Lack of action on pay equity legislation ‘shocking’, say critics
Opposition MPs and at least one women’s rights advocate are frustrated and disappointed after an access to information request revealed that the Newfoundland and Labrador government’s pay equity committee -Labrador hasn’t met in nearly three years.
According to a document obtained by CBC News, the interdepartmental committee — cited by Liberal politicians as part of the government’s action on pay equity — met four times in 2018, once on June 12, 2019, and then never no longer met before March 21. , 2022.
On Tuesday, PC Women and Gender Equality critic Helen Conway Ottenheimer told reporters she was “utterly appalled” to learn the committee had gone so long without meeting.
“We were led to believe that the interdepartmental committee was doing work, reviewing the research that had been done,” she said. “We learned that for three years there had been no meeting.”
Conway Ottenheimer pointed out that the March meeting came just six days after she asked Pam Parsons, the minister responsible for women and gender equality, if she would commit to implementing an equity law. salary during question period. Conway Ottenheimer said the lack of meetings indicates a lack of action.
“I’m at the point where I want to know what kind of work you do. Show us. Show us the work you do,” she said.
Parsons told CBC News that the timing of the March meeting was “absolutely unrelated” to the opposition’s pay equity issue.
“It’s just political theater,” she said.
Parsons, who became minister in April 2021, said work on pay equity was continuing outside committee meetings. She declined to give a timeline for the implementation of pay equity legislation, but said she “can’t wait” for the day that will change.
“I can’t stress enough that this is a top priority of this prime minister and this government and certainly of me,” she said.
Equal pay for equal value
Newfoundland and Labrador is one of four provinces and territories in the country, and the only one in Atlantic Canada, that has not implemented pay equity legislation.
In 2017, then-MP Gerry Rogers introduced a private member’s bill calling on the provincial government to develop pay equity legislation, which the government unanimously supported. Although the government formed the inter-ministerial committee, it did not enact the legislation.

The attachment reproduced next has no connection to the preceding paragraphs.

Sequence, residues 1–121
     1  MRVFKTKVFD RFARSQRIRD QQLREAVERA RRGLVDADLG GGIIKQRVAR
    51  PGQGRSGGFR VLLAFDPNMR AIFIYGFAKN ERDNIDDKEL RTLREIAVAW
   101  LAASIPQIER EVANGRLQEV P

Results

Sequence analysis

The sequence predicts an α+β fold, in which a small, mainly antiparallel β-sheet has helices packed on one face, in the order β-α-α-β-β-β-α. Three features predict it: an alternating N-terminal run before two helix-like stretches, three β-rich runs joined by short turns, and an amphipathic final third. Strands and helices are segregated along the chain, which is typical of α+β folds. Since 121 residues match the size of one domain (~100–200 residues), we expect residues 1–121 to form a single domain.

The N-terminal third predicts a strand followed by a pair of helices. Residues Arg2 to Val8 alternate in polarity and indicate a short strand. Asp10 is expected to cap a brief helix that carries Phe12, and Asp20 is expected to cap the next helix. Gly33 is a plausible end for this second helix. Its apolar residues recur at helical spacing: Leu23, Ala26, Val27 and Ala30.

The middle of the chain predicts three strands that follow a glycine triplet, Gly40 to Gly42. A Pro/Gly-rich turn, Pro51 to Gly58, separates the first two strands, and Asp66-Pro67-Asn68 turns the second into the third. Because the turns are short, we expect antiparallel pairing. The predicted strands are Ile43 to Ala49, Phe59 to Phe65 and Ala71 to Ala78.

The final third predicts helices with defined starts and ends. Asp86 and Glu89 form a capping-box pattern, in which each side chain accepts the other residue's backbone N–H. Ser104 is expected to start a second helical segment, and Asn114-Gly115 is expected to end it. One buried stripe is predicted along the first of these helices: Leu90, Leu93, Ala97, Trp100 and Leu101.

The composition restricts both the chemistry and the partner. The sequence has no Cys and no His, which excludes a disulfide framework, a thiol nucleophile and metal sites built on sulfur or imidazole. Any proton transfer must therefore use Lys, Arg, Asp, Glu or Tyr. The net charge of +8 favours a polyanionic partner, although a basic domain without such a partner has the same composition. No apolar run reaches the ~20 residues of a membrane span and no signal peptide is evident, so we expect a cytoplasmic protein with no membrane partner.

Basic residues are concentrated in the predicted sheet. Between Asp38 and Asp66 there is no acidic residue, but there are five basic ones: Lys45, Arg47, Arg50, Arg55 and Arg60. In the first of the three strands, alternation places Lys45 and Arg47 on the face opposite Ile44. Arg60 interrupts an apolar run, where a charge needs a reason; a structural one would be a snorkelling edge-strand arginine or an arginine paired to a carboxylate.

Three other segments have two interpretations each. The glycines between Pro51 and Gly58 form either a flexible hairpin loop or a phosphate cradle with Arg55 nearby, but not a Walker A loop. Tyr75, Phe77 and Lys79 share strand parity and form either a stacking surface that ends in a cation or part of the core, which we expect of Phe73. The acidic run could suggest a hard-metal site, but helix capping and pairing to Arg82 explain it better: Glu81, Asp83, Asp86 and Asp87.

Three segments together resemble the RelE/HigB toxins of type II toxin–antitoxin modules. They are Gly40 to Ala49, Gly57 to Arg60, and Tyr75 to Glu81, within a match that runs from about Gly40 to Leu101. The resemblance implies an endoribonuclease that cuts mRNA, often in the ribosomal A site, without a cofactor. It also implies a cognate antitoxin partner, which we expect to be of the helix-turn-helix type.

Bridget Clarke is advocacy coordinator for the St. John’s Status of Women Council, one of the groups calling for this bill. She said the absence of committee meetings was “shocking” and “irresponsible”.
“The more time passes, the more money is withheld for people who should be fairly and fairly compensated for the equal value of the work they do,” she said.
Clarke said the fact that so many other jurisdictions in Canada have implemented pay equity legislation should make things easier for the Newfoundland and Labrador government.
“We have ample opportunity to analyze, evaluate and replicate the kind of steps we need to ensure that proactive pay equity legislation is the best it can be,” he said. she declared.
A silver bullet?
According to the St. John’s Status of Women Council, women in Newfoundland and Labrador are paid 66 cents on the dollar. Clarke said pay equity is the principle of paying workers equal pay for work of equal value, regardless of their role.
Parsons pointed to other initiatives, like the new pay grid for early childhood educators and $10-a-day child care, as ways the provincial government is helping women in the workforce.
In a statement, NDP Women and Gender Equality Critic Lela Evans said child care is not a substitute for pay equity.
“Pay equity legislation needs to be in place so that all women and non-binary people in this province can be paid fairly, not just those with children,” she said.
Parsons said pay equity legislation would not be the “silver bullet” that would end the gender wage gap on its own. Clarke said she agrees, but that’s no reason not to implement pay equity legislation.
“Our struggles are not isolated and working towards gender equality and social equality must be holistic,” Clarke said. “It has to be far-reaching. And, at the end of the day, pay equity is a fundamental human right.”
Read more articles from CBC Newfoundland and Labrador